A study using dual-energy x-ray absorptiometry scans to image obese patients suggests that increases in visceral body fat may be associated with an individual's quality of sleep, particularly duration, researchers from a top London facility have reported.
An international group led by Dr. Panagiotis Giannos of Imperial College London found that visceral fat mass was negatively associated with sleep duration in a group of 5,151 adults, with a plateau effect at eight hours of sleep per day. The finding sheds new light on potential links between obesity and sleep deprivation, the authors suggest.
"Our study adds further evidence to the notion that chronic sleep restriction may be a potential contributor for visceral fat mass adiposity," the group wrote. The study was published on 15 March online in Sleep Medicine.
Increasing rates of obesity and habitual declines in sleep duration are public health concerns worldwide. Emerging evidence suggests a link between weight gain and reduced sleep, yet few studies have investigated the potential association between sleep duration with regional body fat mass in U.S. adults, according to the researchers.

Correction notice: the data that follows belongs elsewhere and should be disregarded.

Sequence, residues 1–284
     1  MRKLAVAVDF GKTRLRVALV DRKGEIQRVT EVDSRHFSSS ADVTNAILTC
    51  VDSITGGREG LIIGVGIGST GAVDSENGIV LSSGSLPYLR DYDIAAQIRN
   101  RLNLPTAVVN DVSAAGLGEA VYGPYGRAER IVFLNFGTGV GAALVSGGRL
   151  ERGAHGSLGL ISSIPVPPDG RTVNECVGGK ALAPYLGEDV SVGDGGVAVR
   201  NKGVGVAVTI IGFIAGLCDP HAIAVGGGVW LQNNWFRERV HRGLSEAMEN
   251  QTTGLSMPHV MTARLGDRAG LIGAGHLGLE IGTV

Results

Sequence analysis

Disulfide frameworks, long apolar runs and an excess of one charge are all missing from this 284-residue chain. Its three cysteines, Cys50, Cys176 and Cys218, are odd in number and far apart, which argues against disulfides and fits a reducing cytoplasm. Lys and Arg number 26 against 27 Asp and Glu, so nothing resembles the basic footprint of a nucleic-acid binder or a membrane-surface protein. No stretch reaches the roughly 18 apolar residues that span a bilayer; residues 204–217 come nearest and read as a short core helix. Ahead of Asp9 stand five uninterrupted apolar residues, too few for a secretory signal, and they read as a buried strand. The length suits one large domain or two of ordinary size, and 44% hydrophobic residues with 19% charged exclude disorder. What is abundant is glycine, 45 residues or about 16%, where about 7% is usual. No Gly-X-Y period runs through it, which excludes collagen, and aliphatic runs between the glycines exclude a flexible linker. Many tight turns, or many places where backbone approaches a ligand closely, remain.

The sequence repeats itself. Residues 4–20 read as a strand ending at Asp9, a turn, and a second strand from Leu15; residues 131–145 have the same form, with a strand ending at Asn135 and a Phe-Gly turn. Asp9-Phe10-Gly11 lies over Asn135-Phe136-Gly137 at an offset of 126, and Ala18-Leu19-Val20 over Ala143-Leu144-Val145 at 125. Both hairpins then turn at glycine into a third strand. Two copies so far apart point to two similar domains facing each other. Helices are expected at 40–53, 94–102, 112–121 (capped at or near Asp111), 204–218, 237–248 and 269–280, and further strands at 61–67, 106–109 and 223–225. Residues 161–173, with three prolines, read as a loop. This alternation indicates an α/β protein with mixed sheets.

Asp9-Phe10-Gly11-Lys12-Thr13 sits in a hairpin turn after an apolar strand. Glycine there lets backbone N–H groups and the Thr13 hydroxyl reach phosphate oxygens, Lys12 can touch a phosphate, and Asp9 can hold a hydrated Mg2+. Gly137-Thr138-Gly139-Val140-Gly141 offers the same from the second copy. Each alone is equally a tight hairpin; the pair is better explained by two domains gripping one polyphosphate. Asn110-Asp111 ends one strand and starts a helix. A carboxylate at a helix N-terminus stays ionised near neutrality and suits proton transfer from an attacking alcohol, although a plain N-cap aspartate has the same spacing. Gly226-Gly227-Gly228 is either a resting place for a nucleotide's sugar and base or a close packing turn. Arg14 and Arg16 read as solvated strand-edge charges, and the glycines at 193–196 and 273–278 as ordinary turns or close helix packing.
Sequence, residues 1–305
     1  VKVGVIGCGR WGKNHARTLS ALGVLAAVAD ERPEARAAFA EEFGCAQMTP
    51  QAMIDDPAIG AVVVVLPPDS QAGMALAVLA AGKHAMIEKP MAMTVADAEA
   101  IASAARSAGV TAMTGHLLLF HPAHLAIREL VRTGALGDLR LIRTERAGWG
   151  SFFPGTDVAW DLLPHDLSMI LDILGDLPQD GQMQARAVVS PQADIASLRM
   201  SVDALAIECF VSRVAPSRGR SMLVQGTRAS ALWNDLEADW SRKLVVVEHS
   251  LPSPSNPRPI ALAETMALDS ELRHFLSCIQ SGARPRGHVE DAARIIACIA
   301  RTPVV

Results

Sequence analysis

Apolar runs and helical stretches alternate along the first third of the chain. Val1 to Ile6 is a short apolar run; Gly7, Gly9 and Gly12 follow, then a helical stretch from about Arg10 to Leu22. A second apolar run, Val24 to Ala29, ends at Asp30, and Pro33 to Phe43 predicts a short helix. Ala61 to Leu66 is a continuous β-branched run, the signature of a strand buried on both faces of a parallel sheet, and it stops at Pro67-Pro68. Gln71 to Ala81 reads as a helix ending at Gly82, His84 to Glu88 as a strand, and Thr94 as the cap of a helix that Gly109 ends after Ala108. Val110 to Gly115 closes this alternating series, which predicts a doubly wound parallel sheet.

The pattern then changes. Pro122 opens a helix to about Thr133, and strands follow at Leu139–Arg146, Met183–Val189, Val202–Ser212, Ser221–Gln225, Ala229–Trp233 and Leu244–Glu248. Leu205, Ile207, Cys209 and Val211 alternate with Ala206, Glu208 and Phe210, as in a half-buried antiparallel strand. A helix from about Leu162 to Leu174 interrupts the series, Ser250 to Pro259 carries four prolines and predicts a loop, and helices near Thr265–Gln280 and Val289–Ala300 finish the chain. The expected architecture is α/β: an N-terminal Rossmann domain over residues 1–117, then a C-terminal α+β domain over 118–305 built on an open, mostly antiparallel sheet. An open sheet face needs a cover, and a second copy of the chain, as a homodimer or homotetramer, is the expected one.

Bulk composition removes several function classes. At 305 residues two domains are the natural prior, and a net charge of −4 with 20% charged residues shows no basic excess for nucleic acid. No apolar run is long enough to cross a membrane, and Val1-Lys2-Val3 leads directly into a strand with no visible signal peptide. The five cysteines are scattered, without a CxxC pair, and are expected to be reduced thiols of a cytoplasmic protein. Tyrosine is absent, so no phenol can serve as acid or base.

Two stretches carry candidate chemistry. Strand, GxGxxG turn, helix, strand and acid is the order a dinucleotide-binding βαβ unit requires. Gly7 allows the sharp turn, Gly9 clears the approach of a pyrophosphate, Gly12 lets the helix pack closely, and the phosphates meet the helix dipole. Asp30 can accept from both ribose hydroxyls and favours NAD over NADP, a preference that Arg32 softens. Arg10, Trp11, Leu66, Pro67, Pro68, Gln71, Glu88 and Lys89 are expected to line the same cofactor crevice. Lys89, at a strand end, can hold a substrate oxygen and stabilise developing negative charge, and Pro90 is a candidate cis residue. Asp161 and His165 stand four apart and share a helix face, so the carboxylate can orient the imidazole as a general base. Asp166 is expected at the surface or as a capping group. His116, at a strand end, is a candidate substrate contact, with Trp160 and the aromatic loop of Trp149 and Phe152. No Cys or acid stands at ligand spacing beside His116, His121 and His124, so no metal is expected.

To address the knowledge gap, the researchers culled data from 5,151 participants from two U.S. Department of Health and Human Services surveys; the team estimated sleep duration via home interview questionnaires. All study participants underwent dual energy x-ray absorptiometry (DEXA) scans, which the researchers used to calculate regional body fat percentages.
The study cohort's food intake was within the recommended ranges and alcohol intake was low. Participants had high body mass indexes (BMI); the majority reported no trouble sleeping and were mainly free of any sleep disorders, the authors reported.
The investigators found a significant overall negative association between sleep duration and visceral fat mass: specifically, a difference of one hour less in daily sleep duration that corresponded to an increase of 12.1 grams in visceral fat mass. They also found that this association plateaued at eight hours of sleep per day and appeared stronger in men.
"Sleep duration is negatively associated with visceral fat mass accumulation during adulthood with possibly no benefits beyond eight hours of sleep per day," the study authors explained.
The results may be clinically significant, as visceral adiposity is associated with metabolic disorders such as insulin resistance and type 2 diabetes, which increase the risk of endothelial and cardiometabolic dysfunctions, according to the authors. Nonetheless, they did note that this is the first study to comprehensively explore the association between sleep duration and regional body fat mass.
"Mechanistic and prospective studies are required to confirm the effect of sleep duration on visceral adiposity and determine its causes," they concluded.